The first time I painted with John, I spread paint on his tiny palms and placed them flat on the paper to make two perfect hand-prints.
I pressed his tiny fingers in place, held them there for a moment, and then whisked the paper away to save and keep, without ever thinking that I had initiated a habit, or that he would paint with his hands forever more.
"Bam bam bam!" he says as he slaps his palms against sheet after sheet of paper, the paint spreading itself into an indistinct brown blur that I will later regard doubtfully, before guiltily burying it in the recycling bin.
"Bam bam bam!" he says as he points proudly to his hand print masterpieces on the kitchen wall.
"Bam bam bam?" he asks, as he pulls the paint bottles from the cupboard and looks at me beseechingly.
"Yes, you're brilliant at painting aren't you?" I say with disingenuous enthusiasm, handing him big brushes and little brushes, potato prints and sponges, and sighing with frustration as he quickly discards them in favour of slapping his little palms again and again against the soggy sheets of paper.
But today, I discovered something that John will paint with other than his hands:
He raced the cars around the paper, pausing only to dip the wheels in fresh paint, and he "brrrrrooooomed" with joy as the tyre marks tracked back and forth across the paper.
He created masterpiece after masterpiece with those sticky paint-covered cars, and it wasn't until the fourth sheet of paper that his little hands started to 'bam bam bam' happily amidst a sea of paint.
And I watched and smiled, and encouraged him with his art, whilst all the time wondering how long it would be before he would let me forget about this.
There are times when I forget who I am. I touch lives with others whose thoughts don't match my own, and I spiral into a disconnected circle of doubt.
I look at my life through other people's eyes and I feel lonely and misunderstood. I compare my happiness to that of others and I feel restlessness bite at my soul.
For a few days, I drift though life in a daze, unable to find the peace that I seek.
And I have to remind myself that my life is OK, and that my happiness has been here all along. I have to sit in the silence of my home, and look back at the moments when contentment was easy.
Like this day in a field of drifting seeds. When the sky was blue, and the sun was shining, and the three of us were alone and completely, uncomplicatedly happy.
There was such joy in that day, at the start of the Easter holidays, when the days ahead were full of possibility.
We walked through those reeds with such abandon, such freedom, such laughter.
And I knew exactly who I was.
I was a mother and a wife. A girl who loves the sight of pale gold reeds against blue skies and a woman who loves the sight of her boy walking through a field of dreamy seeds. Someone who loves open spaces and sunny skies and slow, slow walks at a little boy's pace, and laughing with my husband.
The house was full of the smell of polish and fresh flowers, the table was laid with our best tablecloth and there were new prayer books wrapped in yellow paper, waiting on our breakfast plates. Little eggs nestled amongst tissue paper and silk flowers in our Easter basket and Gregorian chant drifted through the air, making us eat our cereal slowly and savour our first tastes of chocolate with a semi-religious fervour.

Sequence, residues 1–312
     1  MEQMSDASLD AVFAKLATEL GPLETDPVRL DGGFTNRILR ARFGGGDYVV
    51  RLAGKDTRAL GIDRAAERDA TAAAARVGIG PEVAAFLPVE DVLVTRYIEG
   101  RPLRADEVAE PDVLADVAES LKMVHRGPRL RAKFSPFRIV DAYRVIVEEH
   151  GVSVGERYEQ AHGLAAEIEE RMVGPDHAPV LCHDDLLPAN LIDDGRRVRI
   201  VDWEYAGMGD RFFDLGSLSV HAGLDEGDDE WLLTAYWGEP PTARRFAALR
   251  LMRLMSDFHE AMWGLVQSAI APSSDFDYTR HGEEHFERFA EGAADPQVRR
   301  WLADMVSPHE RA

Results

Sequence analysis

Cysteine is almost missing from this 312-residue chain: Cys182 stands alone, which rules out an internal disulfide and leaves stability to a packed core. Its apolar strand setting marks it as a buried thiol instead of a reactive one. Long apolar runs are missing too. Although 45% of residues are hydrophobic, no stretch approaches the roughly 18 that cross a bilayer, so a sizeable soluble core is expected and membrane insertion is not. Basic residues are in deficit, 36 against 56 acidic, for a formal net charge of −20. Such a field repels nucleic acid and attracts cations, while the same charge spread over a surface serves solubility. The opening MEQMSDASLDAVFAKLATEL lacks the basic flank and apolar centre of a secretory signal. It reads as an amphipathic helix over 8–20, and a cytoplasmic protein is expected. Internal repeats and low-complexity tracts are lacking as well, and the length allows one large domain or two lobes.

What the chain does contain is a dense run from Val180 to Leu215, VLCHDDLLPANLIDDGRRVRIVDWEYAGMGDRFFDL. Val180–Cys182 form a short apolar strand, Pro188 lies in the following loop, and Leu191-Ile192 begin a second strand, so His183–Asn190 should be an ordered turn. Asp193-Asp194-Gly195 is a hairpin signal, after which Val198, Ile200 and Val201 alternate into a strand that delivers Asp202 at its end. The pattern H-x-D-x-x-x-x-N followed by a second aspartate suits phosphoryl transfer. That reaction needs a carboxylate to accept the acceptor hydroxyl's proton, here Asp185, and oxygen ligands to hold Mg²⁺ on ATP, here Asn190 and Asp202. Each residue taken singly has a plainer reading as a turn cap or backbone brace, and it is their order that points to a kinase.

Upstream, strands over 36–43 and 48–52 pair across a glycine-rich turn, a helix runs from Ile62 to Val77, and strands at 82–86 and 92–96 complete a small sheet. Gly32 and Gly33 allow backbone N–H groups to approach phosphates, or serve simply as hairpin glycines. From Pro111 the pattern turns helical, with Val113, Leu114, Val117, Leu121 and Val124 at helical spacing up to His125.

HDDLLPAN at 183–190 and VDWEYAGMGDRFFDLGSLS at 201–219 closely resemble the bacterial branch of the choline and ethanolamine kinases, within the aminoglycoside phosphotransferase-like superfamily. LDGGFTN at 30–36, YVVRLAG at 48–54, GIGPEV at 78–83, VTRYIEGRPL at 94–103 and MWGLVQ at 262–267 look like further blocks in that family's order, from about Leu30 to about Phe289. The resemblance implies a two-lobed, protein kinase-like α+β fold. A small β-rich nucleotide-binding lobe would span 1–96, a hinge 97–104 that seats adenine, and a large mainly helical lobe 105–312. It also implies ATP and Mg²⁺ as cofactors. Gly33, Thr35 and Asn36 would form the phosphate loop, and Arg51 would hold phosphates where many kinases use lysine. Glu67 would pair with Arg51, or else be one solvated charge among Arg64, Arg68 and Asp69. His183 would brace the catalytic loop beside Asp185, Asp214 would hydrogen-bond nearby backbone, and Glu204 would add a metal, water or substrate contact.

It was a simple thing really, that Easter breakfast table. And yet there was a magic in it too. Because it singled out the day as special and made it memorable for us all.
Late on Saturday night, as the clock ticked towards midnight, I laid our own Easter table.
I cleaned the room, laid the white cloth on the table, found a basket that I could wrap with ribbons, and brought in branches of blossom from the hedgerows to arrange in vases alongside long stems of frilly daffodils.
I cut out tissue paper flowers and hung delicate blown eggs off the window latches, and when it was done I stood back and smiled because I knew that I'd taken up the mantel of tradition and marked the morning out as special.
For the first time, I'd made a statement about what Easter morning would mean in our house. I'd stated that it would mean home-made hot cross buns and baskets of eggs, chocolate before breakfast and new prayer books wrapped in pretty, shiny paper.
It would mean Easter cards and clean floors and a walk down the lane to church. I would mean magic and celebration and smiles and specialness.
And even though there are other traditions waiting in the wings that will surely join us in the years to come, this simple tradition of laying the breakfast table with flowers has been brought back to life this Easter. And I can't help but feel grateful that it's now part of our family's story too.
I'm a brand new mummy discovering the pleasures and pains of staying at home and watching my little boy grow. I like to write, to make things and to wander in the great outdoors. I've created this blog to document my days and capture some of my thoughts before they flit away.